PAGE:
Our way now led along the wide flat between the seashore and the Shimba Hills, in which we had been hunting. A road ten feet wide and innocent of wheels ran with obstinate directness up and down the slight contours and through the bushes and cocoanut groves that lay in its path. So mathematically straight was it that only when perspective closed it in, or when it dropped over the summit of a little rise, did the eye lose the effect of its interminability. The country through which this road led was various--open bushy veld with sparse trees, dense jungle, cocoanut groves, tall and cool. In the shadows of the latter were the thatched native villages. To the left always ran the blue Shimba Hills; and far away to the right somewhere we heard the grumbling of the sea.

Every hundred yards or so we met somebody. Even thus early the road was thronged. By far the majority were the almost naked natives of the district, pleasant, brown-skinned people with good features. They carried things. These things varied from great loads balanced atop to dainty impromptu baskets woven of cocoa-leaves and containing each a single cocoanut. They smiled on us, returned our greeting, and stood completely aside to let us pass. Other wayfarers were of more importance. Small groups of bearded dignitaries, either upper-class Swahili or pure Arabs, strolled slowly along, apparently with limitless leisure, but evidently bound somewhere, nevertheless. They replied to our greetings with great dignity. Once, also, we overtook a small detachment of Sudanese troops moving. They were scattered over several miles of road. A soldier, most impressive and neat in khaki and red tarboosh and sash; then two or three of his laughing, sleek women, clad in the thin, patterned "'Mericani," glittering with gold ornaments; then a half dozen ragged porters carrying official but battered painted wooden kit boxes, or bags, or miscellaneous curious plunder; then more troopers; and so on for miles. They all drew aside for us most respectfully; and the soldiers saluted, very smart and military.

Under the broad-spreading mangoes near the villages we came upon many open markets in full swing. Each vendor squatted on his heels behind his wares, while the purchasers or traders wandered here and there making offers. The actual commerce compared with the amount of laughing, joking, shrieking joy of the occasion as one to a thousand.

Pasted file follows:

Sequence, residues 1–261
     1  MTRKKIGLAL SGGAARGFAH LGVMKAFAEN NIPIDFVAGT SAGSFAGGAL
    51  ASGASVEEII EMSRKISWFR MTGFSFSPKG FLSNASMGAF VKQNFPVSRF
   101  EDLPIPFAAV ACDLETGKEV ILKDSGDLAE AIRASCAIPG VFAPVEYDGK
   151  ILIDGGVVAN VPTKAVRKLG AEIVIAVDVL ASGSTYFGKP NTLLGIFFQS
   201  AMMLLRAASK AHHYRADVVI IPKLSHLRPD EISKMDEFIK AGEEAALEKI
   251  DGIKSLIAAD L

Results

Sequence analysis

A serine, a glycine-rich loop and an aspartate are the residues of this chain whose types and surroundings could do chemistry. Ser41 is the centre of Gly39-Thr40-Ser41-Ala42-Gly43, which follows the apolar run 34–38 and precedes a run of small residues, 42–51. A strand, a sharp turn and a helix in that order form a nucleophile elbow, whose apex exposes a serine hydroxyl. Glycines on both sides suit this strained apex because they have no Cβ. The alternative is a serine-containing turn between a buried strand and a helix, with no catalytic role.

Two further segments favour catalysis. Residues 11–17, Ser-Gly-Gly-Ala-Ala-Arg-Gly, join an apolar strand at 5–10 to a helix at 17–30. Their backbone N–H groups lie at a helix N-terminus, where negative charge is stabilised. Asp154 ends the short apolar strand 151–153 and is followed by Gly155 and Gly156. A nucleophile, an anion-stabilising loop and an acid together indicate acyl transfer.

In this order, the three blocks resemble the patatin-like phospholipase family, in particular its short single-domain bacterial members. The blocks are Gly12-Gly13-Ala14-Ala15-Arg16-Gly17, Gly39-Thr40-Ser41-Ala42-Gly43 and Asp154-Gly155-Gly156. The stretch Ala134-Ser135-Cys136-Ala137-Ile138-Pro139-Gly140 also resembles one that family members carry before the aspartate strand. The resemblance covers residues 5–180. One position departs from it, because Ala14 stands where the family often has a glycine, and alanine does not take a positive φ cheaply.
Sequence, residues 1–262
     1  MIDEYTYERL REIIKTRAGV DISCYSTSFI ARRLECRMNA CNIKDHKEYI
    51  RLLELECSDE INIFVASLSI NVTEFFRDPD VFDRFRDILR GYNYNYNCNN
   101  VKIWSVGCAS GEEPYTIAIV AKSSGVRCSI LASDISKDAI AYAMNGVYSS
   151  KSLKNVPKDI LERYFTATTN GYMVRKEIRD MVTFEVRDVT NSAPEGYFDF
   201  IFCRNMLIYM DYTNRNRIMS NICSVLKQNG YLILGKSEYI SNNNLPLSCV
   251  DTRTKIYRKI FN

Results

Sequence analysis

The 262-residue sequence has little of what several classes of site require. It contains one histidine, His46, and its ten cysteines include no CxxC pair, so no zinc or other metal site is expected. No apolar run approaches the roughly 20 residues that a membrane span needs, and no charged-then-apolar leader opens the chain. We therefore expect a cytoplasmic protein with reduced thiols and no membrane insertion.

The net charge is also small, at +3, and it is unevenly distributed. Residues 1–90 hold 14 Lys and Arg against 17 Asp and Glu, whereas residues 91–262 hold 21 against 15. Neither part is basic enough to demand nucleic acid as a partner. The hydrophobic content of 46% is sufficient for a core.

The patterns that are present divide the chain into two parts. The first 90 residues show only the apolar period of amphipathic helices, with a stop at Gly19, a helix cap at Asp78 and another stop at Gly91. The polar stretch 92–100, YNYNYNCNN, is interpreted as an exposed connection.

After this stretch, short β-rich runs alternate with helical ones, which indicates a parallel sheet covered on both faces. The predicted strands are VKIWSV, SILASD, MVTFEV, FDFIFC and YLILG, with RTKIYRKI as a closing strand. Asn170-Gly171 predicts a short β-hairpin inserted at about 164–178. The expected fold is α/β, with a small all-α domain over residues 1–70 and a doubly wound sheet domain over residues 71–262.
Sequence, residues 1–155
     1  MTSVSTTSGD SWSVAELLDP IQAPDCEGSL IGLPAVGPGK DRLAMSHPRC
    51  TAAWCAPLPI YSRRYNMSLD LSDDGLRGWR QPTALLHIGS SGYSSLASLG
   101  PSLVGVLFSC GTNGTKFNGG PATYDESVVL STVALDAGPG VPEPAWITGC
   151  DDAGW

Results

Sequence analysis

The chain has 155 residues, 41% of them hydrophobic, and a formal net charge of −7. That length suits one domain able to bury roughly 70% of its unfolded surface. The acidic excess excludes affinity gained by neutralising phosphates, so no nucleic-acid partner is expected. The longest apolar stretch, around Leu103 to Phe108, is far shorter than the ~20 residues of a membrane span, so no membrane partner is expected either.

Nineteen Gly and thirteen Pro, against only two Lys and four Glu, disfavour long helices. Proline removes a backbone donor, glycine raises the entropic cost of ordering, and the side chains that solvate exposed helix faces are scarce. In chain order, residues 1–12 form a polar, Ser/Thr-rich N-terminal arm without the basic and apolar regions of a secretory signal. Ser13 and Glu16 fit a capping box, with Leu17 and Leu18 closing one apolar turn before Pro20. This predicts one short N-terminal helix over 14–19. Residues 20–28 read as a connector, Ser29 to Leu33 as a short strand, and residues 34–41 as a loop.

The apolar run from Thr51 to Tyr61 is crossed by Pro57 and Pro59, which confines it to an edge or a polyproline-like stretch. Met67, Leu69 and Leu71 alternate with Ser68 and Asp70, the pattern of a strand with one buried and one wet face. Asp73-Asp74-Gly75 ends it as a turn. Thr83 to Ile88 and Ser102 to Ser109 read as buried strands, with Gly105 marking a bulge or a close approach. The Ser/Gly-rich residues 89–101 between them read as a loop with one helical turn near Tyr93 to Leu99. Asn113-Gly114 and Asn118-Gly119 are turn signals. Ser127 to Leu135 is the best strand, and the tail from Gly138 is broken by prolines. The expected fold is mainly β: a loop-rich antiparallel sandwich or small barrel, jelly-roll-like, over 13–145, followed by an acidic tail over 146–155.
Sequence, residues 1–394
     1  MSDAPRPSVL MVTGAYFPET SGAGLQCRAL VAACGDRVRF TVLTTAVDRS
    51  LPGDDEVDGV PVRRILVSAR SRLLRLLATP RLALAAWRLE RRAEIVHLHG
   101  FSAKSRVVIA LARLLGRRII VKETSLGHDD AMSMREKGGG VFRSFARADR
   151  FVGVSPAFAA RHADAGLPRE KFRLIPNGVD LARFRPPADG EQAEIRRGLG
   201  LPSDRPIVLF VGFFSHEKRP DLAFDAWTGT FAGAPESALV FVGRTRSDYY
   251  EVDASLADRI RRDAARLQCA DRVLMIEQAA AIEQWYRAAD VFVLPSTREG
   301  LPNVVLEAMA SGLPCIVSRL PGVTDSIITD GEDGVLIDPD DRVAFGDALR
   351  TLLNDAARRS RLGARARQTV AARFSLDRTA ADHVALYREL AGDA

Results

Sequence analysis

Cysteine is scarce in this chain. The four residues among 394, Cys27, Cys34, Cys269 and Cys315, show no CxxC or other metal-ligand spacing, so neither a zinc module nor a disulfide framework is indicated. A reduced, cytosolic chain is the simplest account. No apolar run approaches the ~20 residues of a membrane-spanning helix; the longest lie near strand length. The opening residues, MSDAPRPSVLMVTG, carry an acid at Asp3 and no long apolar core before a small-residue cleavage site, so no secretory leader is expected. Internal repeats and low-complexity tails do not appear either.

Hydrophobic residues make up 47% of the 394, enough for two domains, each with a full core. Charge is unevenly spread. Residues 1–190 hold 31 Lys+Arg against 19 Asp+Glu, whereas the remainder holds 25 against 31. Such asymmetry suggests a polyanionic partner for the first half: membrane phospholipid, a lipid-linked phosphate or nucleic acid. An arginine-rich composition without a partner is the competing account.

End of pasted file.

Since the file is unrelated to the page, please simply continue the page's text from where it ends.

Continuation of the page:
Generally three or four degenerate looking dirty East Indians slunk about, very crafty, very insinuating, very ready and skilful to take what advantages they could. I felt a strong desire to kick every one of them out from these joyful concourses of happy people. Generally we sat down for a while in these markets, and talked to the people a little, and perhaps purchased some of the delicious fruit. They had a small delicate variety of banana, most wonderful, the like of which I have seen nowhere else. We bought forty of these for a coin worth about eight cents. Besides fruit they offered cocoanuts in all forms, grain, woven baskets, small articles of handicraft--and fish. The latter were farther from the sea than they should have been! These occasional halts greatly refreshed us for more of that endless road.

For all this time we were very hot. As the sun mounted, the country fairly steamed. From the end of my rifle barrel, which I carried across my forearm, a steady trickle of water dripped into the road. We neither of us had a dry stitch on us, and our light garments clung to us thoroughly wet through. At first we tried the military method, and marched fifty minutes to rest ten, but soon discovered that twenty-five minutes' work to five minutes off was more practical. The sheer weight of the sun was terrific; after we had been exposed to it for any great length of time--as across several wide open spaces--we entered the steaming shade of the jungle with gratitude. At the end of seven hours, however, we most unexpectedly came through a dense cocoanut grove plump on the banks of the harbour at Kilindini.

Here, after making arrangements for the transport of our safari, when it should arrive, we entrusted ourselves to a small boy and a cranky boat. An hour later, clad in tropical white, with cool drinks at our elbows, we sat in easy-chairs on the veranda of the Mombasa Club.

The clubhouse is built on a low cliff at the water's edge. It looks across the blue waters of the bay to a headland crowned with cocoa-palms, and beyond the headland to the Indian Ocean. The cool trades sweep across that veranda. We idly watched a lone white oarsman pulling strongly against the wind through the tide rips, evidently bent on exercise. We speculated on the incredible folly of wanting exercise; and forgot him. An hour later a huge saffron yellow squall rose from China 'cross the way, filled the world with an unholy light, lashed the reluctant sea to white-caps, and swooped screaming on the cocoa-palms. Police boats to rescue the idiot oarsman! Much minor excitement! Great rushing to and fro! We continued to sit in our lounging chairs, one hand on our cool long drinks.


[4] For a fuller discussion, see "The Land of Footprints."

Stewart Edward White